It is unclear what additional benefit we get from bevacizumab, and we need to balance this against cost and toxicity … and bevacizumab alone should not be used for maintenance.
—Hope S. Rugo, MD
Hope S. Rugo, MD, Professor of Medicine and Director of Breast Oncology and Clinical Trials Education for the University of California, San Francisco, Helen Diller Family Comprehensive Cancer Center, discussed the two studies on maintenance bevacizumab (Avastin) for metastatic breast cancer presented at the European Society for Medical Oncology (ESMO) Congress in Madrid.
Dr. Rugo summed up TANIA and IMELDA as showing that for patients who respond to first-line treatment, continued maintenance improves outcomes, though the contribution of bevacizumab remains unclear and this drug should not be used as a single agent.
“Extending bevacizumab after progression into the second line prolongs progression-free survival,” she said. The studies suggested the benefit is greatest for patients with estrogen receptor–positive disease and triple-negative tumors. Toxicity was as expected, although these patients had already been shown to tolerate bevacizumab in the first-line setting, she pointed out.
The results of these studies are comparable to those from RIBBON-2, which found median progression-free survival to be 7.2 months for bevacizumab/chemotherapy in the second line (HR = 0.78, P = .0072),1 Dr. Rugo indicated.
The findings are in accordance with the preclinical rationale for continuing bevacizumab, which counteracts the rapid mobilization of circulating endothelial progenitor cells triggered by chemotherapy. The discontinuation of bevacizumab in previous trials could be one reason they failed to show an overall survival improvement, she suggested.
The TANIA trial asked whether bevacizumab should continue after progression on first-line bevacizumab, and it found a significant improvement in progression-free survival with this approach. The IMELDA study questioned whether instead of maintenance chemotherapy, bevacizumab could be given alone but found that bevacizumab plus chemotherapy was significantly more beneficial.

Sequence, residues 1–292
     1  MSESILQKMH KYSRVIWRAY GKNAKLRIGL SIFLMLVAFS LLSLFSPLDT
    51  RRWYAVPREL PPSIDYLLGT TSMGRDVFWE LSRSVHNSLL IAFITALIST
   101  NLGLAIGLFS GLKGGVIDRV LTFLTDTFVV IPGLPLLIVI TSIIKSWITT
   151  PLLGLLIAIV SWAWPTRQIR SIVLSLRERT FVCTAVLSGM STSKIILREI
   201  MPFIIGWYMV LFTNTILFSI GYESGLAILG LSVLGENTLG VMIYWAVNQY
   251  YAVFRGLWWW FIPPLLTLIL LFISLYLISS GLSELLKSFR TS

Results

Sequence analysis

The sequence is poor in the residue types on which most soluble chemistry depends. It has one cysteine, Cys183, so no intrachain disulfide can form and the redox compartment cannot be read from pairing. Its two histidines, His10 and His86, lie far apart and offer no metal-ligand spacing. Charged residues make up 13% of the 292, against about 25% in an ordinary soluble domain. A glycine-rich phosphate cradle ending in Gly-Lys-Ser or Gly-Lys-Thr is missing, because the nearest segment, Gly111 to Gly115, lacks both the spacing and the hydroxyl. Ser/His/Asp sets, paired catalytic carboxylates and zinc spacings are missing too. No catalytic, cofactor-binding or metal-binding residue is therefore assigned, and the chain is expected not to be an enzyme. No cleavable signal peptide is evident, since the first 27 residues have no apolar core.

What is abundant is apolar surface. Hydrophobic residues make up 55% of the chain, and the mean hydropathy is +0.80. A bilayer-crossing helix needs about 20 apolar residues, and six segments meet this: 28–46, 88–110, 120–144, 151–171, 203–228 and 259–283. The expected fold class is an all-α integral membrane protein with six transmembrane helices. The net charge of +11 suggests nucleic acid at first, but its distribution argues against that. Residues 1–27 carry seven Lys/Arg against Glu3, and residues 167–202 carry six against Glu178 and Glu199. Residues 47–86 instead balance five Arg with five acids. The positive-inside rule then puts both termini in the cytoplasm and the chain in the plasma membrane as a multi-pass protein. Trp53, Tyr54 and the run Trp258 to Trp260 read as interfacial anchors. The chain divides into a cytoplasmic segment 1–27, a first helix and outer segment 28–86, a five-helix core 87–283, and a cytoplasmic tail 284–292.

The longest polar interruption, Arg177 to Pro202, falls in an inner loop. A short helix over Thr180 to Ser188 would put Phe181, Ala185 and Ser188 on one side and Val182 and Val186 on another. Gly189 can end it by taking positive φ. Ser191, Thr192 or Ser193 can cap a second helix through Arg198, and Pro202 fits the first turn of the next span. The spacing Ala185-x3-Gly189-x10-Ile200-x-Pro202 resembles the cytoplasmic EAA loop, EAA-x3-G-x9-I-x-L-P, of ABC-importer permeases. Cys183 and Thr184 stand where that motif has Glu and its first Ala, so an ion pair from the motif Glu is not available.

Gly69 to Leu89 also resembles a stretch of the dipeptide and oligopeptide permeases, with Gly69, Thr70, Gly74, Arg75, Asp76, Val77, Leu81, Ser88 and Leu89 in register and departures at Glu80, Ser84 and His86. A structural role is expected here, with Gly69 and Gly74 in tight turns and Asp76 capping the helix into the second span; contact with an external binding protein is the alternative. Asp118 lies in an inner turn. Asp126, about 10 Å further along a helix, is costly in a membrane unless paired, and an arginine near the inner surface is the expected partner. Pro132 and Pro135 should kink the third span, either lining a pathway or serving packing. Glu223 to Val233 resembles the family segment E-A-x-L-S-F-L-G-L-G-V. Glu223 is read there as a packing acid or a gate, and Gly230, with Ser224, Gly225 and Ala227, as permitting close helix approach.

Dr. Rugo commented that the median progression-free survival for capecitabine/bevacizumab in IMELDA, 11.9 months, is “rarely seen in HER2-negative advanced breast cancer.” Median progression-free survival from the start of first-line treatment, an exploratory endpoint, also doubled to more than 16 months, which is longer than the median progression-free survival of about 11 months observed in three previous randomized phase III trials of bevacizumab plus paclitaxel, she pointed out.
She further commented on the impressive median overall survival of 39 months in IMELDA, with the caveat that fewer than half the patients had died—“a rather pleasant complication to the data analysis in this study of advanced breast cancer.”
Based on the data from these two studies, Dr. Rugo asked, “Should we continue this expensive drug with known toxicities into the second-line setting in countries where bevacizumab is still approved?” The data on TANIA, on overall survival and biomarker analyses, to be presented at the San Antonio Breast Cancer Symposium, will help answer this question, she said.
“We need to understand how to apply bevacizumab in the clinic in a way that will maintain quality of life, not increase costs, and give an overall survival advantage, where possible,” Dr. Rugo suggested.
She concluded that while maintenance chemotherapy does improve outcomes, “it is unclear what additional benefit we get from bevacizumab, and we need to balance this against cost and toxicity … and bevacizumab alone should not be used for maintenance.”
She concluded, “Bevacizumab clearly has an impact in breast cancer. We just don’t know in whom, and how to use it.” ■
Disclosure: Dr. Rugo has received research funding from Genentech/Roche.
1. Brufsky AM, Hurvitz S, Perez E, et al: RIBBON-2: A randomized, double-blind, placebo-controlled, phase III trial evaluating the efficacy and safety of bevacizumab in combination with chemotherapy for second-line treatment of human epidermal growth factor receptor 2–negative metastatic breast cancer. J Clin Oncol 29:4286-4293, 2011.
Although bevacizumab (Avastin) may no longer be an active player in metastatic breast cancer, phase III studies presented at this year’s European Society for Medical Oncology (ESMO) Congress reignited interest in the drug as part of maintenance therapy.
The TANIA trial met its primary endpoint,...